When we’re not taking people up the mountain I sometimes get the opportunity to do some deep sky imaging and recently I had a go at two of the best, The Eagle Nebula made famous by Hubble’s close up of the pillars of creation where stars are being born and The Helix Nebula, also known as “The eye of God”. They’re both too faint to see well in anything but a very large telescope and it takes long exposures with a camera to bring out the amazing colours. We’ve noticed that it’s been much busier up the mountain this year as astro-tourism grows in popularity, fortunately we have access to some secluded spots where we can get away from the headlights, head torches and flashlights that are blighting the main viewing areas in Las Canadas, otherwise it would be a lot harder to get such pictures.
There’s a bit of a heatwave on the south coast at the moment and that has transferred up the mountain too. At 1800m (nearly 500m higher than Ben Nevis, the highest mountain in Britain) it was 25c. At 1am!
The sky low down is dusty and hazy and sunset was subdued compared to normal but when the stars came out it was amazing as usual. The Milky Way was so obvious it needed no introduction and young Luke was first to see it and dad Marcus got his first pictures of it.
Jupiter and Saturn looked magnificent in their respective constellations of Scorpio and Sagittarius and Luke’s brother Ellis got some great pictures of them with his dad’s mobile phone through our telescope. A budding astro photographer without a doubt.
Later in the night we watched the waning Moon rise majestically over a tree-topped ridge bathing the landscape in a cool white glow and casting shadows amongst the trees. We fitted Marcus’s camera to the telescope and got some shots to remember.
I love what I do.
We had a glorious night on the mountain last night with guests John, Charlie and Billy. The air was steady and as clear as I’ve seen it. After a stunning sunset accompanied by a one-day-old crescent Moon, we turned our attention to the stars and watched as more and more came out and the Milky Way appeared. We counted 32 shooting stars and doubtless missed more but the highlight for me was Saturn. Under steady skies we were able to see its rings clearly and the Cassini Division was sharp and clear. Cloud bands were visible on the planet’s surface and we could also see Saturn’s five brightest moons – Titan, Rhea, Dione, Enceladus and Tethys. Titan, the giant moon is always an easy spot but to see the other 4 was a bonus, right down to Enceladus which is only 500km in diameter, at a distance of roughly 700 million miles, that’s pretty impressive! Saturn remains well positioned for observing for a few months yet.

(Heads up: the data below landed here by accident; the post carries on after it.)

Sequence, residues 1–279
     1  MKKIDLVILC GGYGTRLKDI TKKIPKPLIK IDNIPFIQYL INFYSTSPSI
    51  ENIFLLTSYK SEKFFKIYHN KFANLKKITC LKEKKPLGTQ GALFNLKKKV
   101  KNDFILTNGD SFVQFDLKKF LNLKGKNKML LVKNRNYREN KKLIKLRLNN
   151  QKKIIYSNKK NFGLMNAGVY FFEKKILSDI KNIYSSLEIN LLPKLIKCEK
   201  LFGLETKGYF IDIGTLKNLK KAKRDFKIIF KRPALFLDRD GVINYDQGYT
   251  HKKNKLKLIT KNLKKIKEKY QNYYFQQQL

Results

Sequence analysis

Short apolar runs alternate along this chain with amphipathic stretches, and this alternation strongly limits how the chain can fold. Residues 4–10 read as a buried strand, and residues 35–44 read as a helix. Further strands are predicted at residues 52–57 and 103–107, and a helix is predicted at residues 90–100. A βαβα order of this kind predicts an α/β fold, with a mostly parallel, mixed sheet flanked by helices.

There are a couple of decent meteor showers underway and this next week is a great time to see them. A couple of nights ago we saw more than 20 in a couple of hours with two or three memorable ones. As the Moon is not favourable for the peak of the Perseids on the 13th / 14th August, now is the time to catch some!